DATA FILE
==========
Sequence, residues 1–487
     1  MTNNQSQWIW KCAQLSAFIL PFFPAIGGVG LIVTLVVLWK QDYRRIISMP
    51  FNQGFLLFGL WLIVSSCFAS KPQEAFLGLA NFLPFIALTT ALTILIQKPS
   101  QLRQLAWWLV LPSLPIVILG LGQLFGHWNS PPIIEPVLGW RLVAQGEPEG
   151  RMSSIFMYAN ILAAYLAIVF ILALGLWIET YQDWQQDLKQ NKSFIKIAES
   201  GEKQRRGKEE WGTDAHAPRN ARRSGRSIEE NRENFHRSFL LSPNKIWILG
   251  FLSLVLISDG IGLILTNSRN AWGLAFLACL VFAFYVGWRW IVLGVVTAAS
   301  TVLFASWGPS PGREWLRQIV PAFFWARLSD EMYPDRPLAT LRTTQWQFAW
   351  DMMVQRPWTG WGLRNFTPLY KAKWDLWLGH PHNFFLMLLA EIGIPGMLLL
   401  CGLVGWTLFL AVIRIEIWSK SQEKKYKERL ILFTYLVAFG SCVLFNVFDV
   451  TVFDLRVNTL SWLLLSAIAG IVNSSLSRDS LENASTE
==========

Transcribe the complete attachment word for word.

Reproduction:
Sequence, residues 1–487
     1  MTNNQSQWIW KCAQLSAFIL PFFPAIGGVG LIVTLVVLWK QDYRRIISMP
    51  FNQGFLLFGL WLIVSSCFAS KPQEAFLGLA NFLPFIALTT ALTILIQKPS
   101  QLRQLAWWLV LPSLPIVILG LGQLFGHWNS PPIIEPVLGW RLVAQGEPEG
   151  RMSSIFMYAN ILAAYLAIVF ILALGLWIET YQDWQQDLKQ NKSFIKIAES
   201  GEKQRRGKEE WGTDAHAPRN ARRSGRSIEE NRENFHRSFL LSPNKIWILG
   251  FLSLVLISDG IGLILTNSRN AWGLAFLACL VFAFYVGWRW IVLGVVTAAS
   301  TVLFASWGPS PGREWLRQIV PAFFWARLSD EMYPDRPLAT LRTTQWQFAW
   351  DMMVQRPWTG WGLRNFTPLY KAKWDLWLGH PHNFFLMLLA EIGIPGMLLL
   401  CGLVGWTLFL AVIRIEIWSK SQEKKYKERL ILFTYLVAFG SCVLFNVFDV
   451  TVFDLRVNTL SWLLLSAIAG IVNSSLSRDS LENASTE